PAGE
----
How to Check CPU Temperature ‘Core by Core’ on Linux

You might be used to using slick graphical tools to check computer temperature on other operating systems, but you won’t actually need anything so bloated when you’re using Linux. If you’re sick of poking around in administrator control panels for CPU temperature and voltage, then you’re in for a big surprise. There’s a single one-word command on Linux that lets you check computer temperature with almost no effort.

It’s a terminal app, so you’ll need to be working from a command line. Hold down Ctrl, Alt and T to open a graphical one. You might also wish to search for the word terminal on the Ubuntu Dash or click on the Applications menu, point to System Tools and click on Terminal. You won’t have to run any of this as the root user, so your normal user account will work perfectly fine.

Method 1: Check Computer Temperature with the sensors App

At the prompt, type the word sensors and push enter. You’ll receive a quick readout of the overall temperature of your CPU as well as the temperature of the individual cores. Note that more than likely, the information begins with the phrase acpitz-virtual-0 when you don’t have any device by that name attached to your system. This throws off many users who’ve never used the sensors app to check computer temperature before.

This is the first ACPI thermal zone sensor output device that the Linux kernel detected. It’s basically a name for the thermometer that gives you the output you’re looking for, so you can safely ignore it. If you have additional sensors installed, then you might see more of these which you may again ignore without any repercussion.

What you’ll want to look at is the line next to any of the core labels. Assuming you have a dual-core system, then you’ll have one line that reads Core 0 and another that reads Core 1. Since computer counting systems begin with the number 0, Core 0 is actually the first CPU core you have and Core 1 is the second. Quad-core systems and greater will have further cores listed on their own separate lines. You may see a whole list of them if you’re either running some sort of server or, alternatively, if you’re a hardcore gamer who has some sort of top of the line PC.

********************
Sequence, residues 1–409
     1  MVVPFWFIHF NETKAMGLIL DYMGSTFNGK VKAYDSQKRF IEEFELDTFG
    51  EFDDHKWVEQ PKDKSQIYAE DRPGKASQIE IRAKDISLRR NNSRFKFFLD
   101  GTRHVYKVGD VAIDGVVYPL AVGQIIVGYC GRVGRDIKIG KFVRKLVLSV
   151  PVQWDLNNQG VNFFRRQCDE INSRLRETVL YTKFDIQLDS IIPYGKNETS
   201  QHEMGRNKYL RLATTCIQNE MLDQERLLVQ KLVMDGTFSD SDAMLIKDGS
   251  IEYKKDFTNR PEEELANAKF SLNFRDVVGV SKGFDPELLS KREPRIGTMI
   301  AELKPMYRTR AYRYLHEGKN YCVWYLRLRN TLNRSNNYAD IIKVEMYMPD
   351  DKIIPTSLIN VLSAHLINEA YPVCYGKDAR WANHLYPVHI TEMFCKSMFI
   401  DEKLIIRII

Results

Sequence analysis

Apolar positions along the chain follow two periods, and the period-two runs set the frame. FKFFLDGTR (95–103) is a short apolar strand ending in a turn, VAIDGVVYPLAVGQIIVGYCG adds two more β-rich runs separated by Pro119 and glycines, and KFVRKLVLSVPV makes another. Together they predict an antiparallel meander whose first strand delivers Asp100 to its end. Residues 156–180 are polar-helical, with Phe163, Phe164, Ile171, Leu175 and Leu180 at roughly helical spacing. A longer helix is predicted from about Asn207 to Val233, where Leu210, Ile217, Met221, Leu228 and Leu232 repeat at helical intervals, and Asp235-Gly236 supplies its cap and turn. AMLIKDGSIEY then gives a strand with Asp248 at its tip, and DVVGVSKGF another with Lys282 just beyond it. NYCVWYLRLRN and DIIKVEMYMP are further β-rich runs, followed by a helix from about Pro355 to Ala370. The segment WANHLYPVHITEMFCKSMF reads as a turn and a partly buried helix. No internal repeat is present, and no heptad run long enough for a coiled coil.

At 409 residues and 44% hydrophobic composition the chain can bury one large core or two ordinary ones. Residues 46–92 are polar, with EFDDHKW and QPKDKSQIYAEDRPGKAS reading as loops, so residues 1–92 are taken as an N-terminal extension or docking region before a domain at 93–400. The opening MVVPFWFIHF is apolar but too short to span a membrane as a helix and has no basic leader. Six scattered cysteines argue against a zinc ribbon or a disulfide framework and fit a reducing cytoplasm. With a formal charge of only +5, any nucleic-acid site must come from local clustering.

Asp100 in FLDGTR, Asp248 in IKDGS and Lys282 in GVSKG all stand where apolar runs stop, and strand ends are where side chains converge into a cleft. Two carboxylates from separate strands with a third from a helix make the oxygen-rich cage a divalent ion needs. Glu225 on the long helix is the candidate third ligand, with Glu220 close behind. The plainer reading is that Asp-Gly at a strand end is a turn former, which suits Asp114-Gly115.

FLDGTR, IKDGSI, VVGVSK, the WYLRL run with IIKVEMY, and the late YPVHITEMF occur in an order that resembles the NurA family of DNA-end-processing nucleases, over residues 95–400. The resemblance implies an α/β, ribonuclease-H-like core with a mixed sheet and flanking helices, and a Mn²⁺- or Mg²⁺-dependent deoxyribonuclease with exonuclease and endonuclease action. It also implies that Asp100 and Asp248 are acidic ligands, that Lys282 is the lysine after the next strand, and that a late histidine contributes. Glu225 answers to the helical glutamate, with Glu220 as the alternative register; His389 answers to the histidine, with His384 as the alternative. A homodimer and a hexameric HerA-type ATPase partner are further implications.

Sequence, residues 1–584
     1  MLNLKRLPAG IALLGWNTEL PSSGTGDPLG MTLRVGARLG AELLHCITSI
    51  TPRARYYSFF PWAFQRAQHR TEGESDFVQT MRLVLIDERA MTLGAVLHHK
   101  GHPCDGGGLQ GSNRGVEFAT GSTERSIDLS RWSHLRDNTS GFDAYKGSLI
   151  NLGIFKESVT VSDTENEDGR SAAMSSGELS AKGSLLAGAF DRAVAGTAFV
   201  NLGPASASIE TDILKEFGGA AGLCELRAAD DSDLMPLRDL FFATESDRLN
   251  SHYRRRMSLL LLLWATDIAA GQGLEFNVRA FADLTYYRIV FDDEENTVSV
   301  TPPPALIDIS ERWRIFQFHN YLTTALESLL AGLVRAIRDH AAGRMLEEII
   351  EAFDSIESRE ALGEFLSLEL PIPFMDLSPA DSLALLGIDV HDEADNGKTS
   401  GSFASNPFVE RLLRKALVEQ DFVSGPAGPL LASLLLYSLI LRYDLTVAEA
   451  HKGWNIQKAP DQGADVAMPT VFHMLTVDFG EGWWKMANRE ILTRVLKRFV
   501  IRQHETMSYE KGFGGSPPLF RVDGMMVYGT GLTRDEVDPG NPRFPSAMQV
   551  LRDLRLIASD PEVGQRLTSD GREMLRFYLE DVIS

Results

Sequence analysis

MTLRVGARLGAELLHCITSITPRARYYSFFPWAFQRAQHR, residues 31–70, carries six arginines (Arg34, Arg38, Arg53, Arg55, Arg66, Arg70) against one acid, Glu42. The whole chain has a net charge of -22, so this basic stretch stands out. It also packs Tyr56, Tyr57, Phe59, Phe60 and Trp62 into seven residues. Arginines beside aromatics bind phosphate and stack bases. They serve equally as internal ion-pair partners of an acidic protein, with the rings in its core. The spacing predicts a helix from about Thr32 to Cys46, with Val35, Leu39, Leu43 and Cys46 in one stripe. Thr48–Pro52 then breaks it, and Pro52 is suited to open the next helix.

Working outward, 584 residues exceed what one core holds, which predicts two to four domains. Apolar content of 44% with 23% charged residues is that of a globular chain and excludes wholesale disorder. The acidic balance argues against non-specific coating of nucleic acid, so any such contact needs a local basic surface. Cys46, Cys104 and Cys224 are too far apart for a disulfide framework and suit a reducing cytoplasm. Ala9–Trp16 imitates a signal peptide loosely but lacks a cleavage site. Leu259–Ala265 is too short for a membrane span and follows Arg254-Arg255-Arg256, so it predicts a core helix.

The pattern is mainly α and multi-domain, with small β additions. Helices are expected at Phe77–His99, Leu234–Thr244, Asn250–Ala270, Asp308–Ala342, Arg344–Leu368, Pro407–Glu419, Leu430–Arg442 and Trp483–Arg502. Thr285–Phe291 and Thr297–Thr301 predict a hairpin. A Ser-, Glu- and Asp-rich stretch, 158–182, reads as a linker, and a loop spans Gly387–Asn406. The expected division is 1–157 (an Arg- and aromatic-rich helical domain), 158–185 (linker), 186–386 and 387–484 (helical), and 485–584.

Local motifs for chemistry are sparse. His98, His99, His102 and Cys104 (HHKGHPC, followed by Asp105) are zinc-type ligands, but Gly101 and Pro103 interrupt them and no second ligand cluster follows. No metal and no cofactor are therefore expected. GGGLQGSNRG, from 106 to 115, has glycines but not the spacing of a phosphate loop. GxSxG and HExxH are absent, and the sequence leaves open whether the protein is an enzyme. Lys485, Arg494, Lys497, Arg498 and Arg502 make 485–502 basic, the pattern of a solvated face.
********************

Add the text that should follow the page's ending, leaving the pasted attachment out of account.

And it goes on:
The first number, following a single + symbol, is the current temperature. You’ll then be given the highest temperature recorded during the session as well as the critical threshold for when your CPU would be getting far too hot. All this information comes at the cost of only a single word at the command line. It genuinely is that easy to check computer temperature. It couldn’t be any simpler than that, and you may not want to use any graphical tools again after giving this a try. While you may not be a fan of the terminal at the moment, at least give this command a try. It’s a good deal easier than using any graphical alternative.

Method 2: Check Computer Temperature in Fahrenheit

Linux coders in countries that use the Fahrenheit scale often prefer to use this temperature scale for measuring CPU heat as well. Fortunately, the sensors app allows you to switch to Fahrenheit without you needing to do any conversions yourself. Type sensors -f and push enter to have the same exact output as the original command you gave but with all of the temperatures written out in Fahrenheit.

Since you’ve switched the output to Fahrenheit, you’ll notice that the high and critical values have changed as well. This gives you the ability to check the current temperature against them in this scale without doing any complicated math. Considering that it only requires one additional option, you can consider this command one of the easiest as well

By the way, you’ll want to make sure that the temperature never does get above the critical threshold. If you find that your machine is consistently running too hot, then you’ll want to prevent unnecessary services from starting up. Clean out dust from all the fan holes and make sure that all the fans are spinning correctly. Never put laptops or ultrabooks on soft surfaces like a comforter that can get them clogged up. You’ll never want to run it in sunlight either. If you’re someone into hardcore gaming or multimedia work who overclocked their CPU, then you may wish to undo this as well to reduce some pressure if sensors keeps showing a lot of excess heat.


Kevin Arrows

Kevin Arrows is a highly experienced and knowledgeable technology specialist with over a decade of industry experience. He holds a Microsoft Certified Technology Specialist (MCTS) certification and has a deep passion for staying up-to-date on the latest tech developments. Kevin has written extensively on a wide range of tech-related topics, showcasing his expertise and knowledge in areas such as software development, cybersecurity, and cloud computing. His contributions to the tech field have been widely recognized and respected by his peers, and he is highly regarded for his ability to explain complex technical concepts in a clear and concise manner.